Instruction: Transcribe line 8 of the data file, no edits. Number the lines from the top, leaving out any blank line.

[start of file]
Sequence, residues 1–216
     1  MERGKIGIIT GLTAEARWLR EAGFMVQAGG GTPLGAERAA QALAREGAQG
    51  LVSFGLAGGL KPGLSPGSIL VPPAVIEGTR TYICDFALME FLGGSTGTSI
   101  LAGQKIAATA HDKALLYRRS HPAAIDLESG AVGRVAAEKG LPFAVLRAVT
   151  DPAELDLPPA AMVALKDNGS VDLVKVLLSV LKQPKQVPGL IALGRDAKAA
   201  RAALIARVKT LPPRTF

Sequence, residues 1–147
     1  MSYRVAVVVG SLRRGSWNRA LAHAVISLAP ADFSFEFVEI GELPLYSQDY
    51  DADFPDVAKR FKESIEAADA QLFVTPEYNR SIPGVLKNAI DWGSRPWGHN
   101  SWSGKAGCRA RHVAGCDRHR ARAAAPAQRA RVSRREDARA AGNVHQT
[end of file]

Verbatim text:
     1  MSYRVAVVVG SLRRGSWNRA LAHAVISLAP ADFSFEFVEI GELPLYSQDY